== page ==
And did I mention Hudler did that playing with Henrik Zetterberg and Valtteri Filppula? He did. I just took a look at a random sampling of the goals he scored, thanks to NHL.com, which, if you're looking to find goal highlights, is the first place you should go every time. First goal up was, you guessed it, a tap-in on a Zetterberg centering pass. The second was a shot on a wide-open net on a dish from Filppula on the power play. The third was a quick rebound on a Brad Stuart point shot. The fourth was the exact same play on a Zetterberg shot from the slot. The fifth was on a quick rebound on his own shot thanks to a nice dish from behind the net by Filppula.
This is, of course, by no means scientific and indeed, the Flames could probably use a guy with a little bit of jam around the net. Ryan Smyth and Tomas Holmstrom made their entire moderately-noteworthy careers doing exactly that. But who on this roster fits a Zetterberg or Filppula role? Alex Tanguay, who likely won't get much time with him, maybe?
It's a deal that I don't fully get for a guy who Red Wings fans were glad to see leave and at some point, you have to wonder what, exactly, this team's plan is.
4. So an someone explain any of this?
Feaster is, I've been told, building this team for two or three years down the line, or at least so that its potential core players — in order of increasingly speculative: Sven Baertschi, Mikael Backlund?, Chris Butler??, TJ Brodie???, Max Reinhart???? — are coming into their primes.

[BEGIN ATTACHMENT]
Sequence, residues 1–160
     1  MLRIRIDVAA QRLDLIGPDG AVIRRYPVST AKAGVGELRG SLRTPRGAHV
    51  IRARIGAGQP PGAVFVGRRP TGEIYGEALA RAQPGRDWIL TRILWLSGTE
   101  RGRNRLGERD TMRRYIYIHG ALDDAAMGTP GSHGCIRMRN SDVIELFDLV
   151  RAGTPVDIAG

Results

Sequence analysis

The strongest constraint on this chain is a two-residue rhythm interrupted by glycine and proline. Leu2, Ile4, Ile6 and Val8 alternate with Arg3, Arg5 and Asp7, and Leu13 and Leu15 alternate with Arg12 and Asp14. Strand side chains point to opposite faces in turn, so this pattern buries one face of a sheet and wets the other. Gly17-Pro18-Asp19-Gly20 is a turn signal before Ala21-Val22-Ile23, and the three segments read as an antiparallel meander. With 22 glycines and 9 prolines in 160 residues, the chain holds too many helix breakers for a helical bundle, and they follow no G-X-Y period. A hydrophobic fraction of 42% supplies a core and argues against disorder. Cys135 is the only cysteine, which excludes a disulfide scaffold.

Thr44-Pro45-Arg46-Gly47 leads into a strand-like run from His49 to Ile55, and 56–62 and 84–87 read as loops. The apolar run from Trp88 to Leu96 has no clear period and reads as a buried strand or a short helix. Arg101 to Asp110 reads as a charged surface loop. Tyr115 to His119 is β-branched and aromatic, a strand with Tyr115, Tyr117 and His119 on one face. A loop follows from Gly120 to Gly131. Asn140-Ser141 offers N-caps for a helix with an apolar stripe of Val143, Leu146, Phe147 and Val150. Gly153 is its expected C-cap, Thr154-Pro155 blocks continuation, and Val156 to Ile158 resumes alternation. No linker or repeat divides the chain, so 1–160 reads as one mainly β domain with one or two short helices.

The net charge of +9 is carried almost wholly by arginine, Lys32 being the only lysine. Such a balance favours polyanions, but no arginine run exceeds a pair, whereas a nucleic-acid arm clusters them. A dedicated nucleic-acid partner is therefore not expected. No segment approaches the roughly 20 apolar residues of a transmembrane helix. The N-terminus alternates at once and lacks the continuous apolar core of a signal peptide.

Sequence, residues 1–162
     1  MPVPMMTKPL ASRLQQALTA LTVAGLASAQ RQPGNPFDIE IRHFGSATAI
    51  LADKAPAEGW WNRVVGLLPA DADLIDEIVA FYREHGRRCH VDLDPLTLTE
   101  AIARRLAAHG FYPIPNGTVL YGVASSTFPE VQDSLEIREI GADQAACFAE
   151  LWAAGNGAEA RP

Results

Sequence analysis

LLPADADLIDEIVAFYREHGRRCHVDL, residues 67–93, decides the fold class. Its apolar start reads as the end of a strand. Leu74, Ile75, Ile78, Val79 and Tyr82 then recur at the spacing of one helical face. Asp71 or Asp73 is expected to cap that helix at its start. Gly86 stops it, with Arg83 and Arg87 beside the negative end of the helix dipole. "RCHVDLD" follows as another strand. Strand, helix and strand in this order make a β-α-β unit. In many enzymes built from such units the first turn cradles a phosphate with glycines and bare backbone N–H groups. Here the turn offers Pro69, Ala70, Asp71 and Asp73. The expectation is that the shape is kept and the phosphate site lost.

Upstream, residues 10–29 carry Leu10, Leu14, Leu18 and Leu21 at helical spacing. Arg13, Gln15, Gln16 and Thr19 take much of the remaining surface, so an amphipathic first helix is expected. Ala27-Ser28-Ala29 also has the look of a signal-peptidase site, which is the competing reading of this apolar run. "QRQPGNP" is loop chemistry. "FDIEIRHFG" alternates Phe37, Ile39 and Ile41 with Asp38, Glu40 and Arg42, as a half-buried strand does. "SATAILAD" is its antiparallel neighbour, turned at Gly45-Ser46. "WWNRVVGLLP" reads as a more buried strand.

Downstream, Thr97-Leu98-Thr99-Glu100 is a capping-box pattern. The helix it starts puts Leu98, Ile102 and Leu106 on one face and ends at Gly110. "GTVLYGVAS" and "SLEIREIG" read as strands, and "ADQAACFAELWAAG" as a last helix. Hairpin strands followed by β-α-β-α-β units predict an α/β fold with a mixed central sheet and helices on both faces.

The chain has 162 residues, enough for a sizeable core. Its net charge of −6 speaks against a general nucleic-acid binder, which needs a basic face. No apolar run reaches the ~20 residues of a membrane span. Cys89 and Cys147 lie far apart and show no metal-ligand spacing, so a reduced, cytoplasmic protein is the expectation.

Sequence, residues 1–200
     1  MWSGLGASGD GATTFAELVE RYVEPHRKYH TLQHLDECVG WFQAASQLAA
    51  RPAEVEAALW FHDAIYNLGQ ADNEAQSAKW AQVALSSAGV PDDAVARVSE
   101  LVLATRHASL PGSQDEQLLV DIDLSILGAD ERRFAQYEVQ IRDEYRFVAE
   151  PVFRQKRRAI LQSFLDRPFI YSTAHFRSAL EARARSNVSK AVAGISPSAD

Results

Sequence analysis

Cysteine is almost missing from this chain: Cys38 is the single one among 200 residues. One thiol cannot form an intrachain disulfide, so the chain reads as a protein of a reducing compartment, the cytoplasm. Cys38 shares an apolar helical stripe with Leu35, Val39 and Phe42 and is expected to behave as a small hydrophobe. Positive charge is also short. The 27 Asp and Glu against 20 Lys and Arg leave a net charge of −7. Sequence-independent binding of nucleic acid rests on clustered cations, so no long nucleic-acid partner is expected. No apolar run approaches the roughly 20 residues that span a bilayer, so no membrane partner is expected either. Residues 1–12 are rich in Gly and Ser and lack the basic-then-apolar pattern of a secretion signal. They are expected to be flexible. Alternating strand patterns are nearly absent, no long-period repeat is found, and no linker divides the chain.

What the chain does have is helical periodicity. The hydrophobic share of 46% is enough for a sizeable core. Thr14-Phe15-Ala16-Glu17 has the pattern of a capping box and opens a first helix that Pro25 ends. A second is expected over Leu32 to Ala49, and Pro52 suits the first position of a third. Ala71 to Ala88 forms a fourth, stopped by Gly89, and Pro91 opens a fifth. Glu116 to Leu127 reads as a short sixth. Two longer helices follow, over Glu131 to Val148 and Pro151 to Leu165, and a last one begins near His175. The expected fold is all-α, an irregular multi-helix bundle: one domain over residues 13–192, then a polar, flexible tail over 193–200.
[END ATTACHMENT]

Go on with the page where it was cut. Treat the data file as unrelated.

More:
But that does little to explain why Feaster is giving out long-term contracts to guys who seem fit to make minimal impacts for maximum payouts. I've heard it said that the Flames are better today than they were on July 4 last year, and that's probably true. Whether it's good enough to make the playoffs, which is the team's ridiculous goal right now, seems less certain. Unless Roman Cervenka and Jiri Hudler perform at high levels, and Mike Cammalleri starts playing like the Mike Cammalleri that Flames fans remember, I don't know where the goals come from next season. I certainly don't know who prevents them from going past Miikka Kiprusoff, particularly if Jay Bouwmeester is dealt for scrap, which it seems as though he almost certainly will be.
The Calgary Flames now have the second-highest payroll against the cap in the National Hockey League, and we're sitting here wondering if maybe they squeak into the playoffs. In what universe is that acceptable for a team that hasn't appeared in the postseason for three years?
5. Here's Iggy